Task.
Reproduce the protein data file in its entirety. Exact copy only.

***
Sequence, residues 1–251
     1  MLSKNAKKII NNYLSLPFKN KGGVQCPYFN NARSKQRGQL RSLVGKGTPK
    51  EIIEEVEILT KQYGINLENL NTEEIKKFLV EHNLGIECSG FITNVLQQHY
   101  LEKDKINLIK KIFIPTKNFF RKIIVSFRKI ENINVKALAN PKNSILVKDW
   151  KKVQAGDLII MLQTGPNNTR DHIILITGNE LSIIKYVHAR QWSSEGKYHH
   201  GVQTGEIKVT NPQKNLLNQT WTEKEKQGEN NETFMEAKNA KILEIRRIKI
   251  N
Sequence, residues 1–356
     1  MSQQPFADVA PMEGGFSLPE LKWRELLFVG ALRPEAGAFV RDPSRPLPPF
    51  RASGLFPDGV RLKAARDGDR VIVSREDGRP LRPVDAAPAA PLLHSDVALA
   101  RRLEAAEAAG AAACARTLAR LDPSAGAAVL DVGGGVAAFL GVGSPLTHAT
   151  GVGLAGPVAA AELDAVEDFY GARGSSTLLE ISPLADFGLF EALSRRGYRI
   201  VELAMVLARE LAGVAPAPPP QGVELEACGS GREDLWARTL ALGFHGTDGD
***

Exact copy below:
Sequence, residues 1–251
     1  MLSKNAKKII NNYLSLPFKN KGGVQCPYFN NARSKQRGQL RSLVGKGTPK
    51  EIIEEVEILT KQYGINLENL NTEEIKKFLV EHNLGIECSG FITNVLQQHY
   101  LEKDKINLIK KIFIPTKNFF RKIIVSFRKI ENINVKALAN PKNSILVKDW
   151  KKVQAGDLII MLQTGPNNTR DHIILITGNE LSIIKYVHAR QWSSEGKYHH
   201  GVQTGEIKVT NPQKNLLNQT WTEKEKQGEN NETFMEAKNA KILEIRRIKI
   251  N
Sequence, residues 1–356
     1  MSQQPFADVA PMEGGFSLPE LKWRELLFVG ALRPEAGAFV RDPSRPLPPF
    51  RASGLFPDGV RLKAARDGDR VIVSREDGRP LRPVDAAPAA PLLHSDVALA
   101  RRLEAAEAAG AAACARTLAR LDPSAGAAVL DVGGGVAAFL GVGSPLTHAT
   151  GVGLAGPVAA AELDAVEDFY GARGSSTLLE ISPLADFGLF EALSRRGYRI
   201  VELAMVLARE LAGVAPAPPP QGVELEACGS GREDLWARTL ALGFHGTDGD